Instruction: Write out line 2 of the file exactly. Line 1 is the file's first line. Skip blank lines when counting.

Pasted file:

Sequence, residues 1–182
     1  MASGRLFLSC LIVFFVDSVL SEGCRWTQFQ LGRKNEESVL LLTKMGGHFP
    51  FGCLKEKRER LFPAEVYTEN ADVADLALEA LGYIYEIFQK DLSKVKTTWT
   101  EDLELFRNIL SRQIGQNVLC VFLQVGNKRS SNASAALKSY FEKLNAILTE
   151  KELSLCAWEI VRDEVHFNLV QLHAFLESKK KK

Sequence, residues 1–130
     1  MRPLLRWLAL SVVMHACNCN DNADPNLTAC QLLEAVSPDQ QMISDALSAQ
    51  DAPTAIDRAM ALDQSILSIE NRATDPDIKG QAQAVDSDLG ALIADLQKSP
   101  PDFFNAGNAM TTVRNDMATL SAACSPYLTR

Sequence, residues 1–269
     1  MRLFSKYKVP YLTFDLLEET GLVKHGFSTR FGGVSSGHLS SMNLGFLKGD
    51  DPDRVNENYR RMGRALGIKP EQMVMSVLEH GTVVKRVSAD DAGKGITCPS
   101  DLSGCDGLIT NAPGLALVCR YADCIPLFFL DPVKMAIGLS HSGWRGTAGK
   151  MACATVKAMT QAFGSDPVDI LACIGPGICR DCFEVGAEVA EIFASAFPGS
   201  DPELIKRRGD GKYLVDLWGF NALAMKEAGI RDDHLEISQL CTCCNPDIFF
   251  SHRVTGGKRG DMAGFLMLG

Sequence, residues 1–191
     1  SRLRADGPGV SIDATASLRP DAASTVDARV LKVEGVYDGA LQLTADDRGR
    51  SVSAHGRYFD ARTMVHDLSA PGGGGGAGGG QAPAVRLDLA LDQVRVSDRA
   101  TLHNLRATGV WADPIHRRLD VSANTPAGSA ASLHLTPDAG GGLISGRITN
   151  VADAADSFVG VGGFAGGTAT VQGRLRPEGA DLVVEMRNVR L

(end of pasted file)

     1  MASGRLFLSC LIVFFVDSVL SEGCRWTQFQ LGRKNEESVL LLTKMGGHFP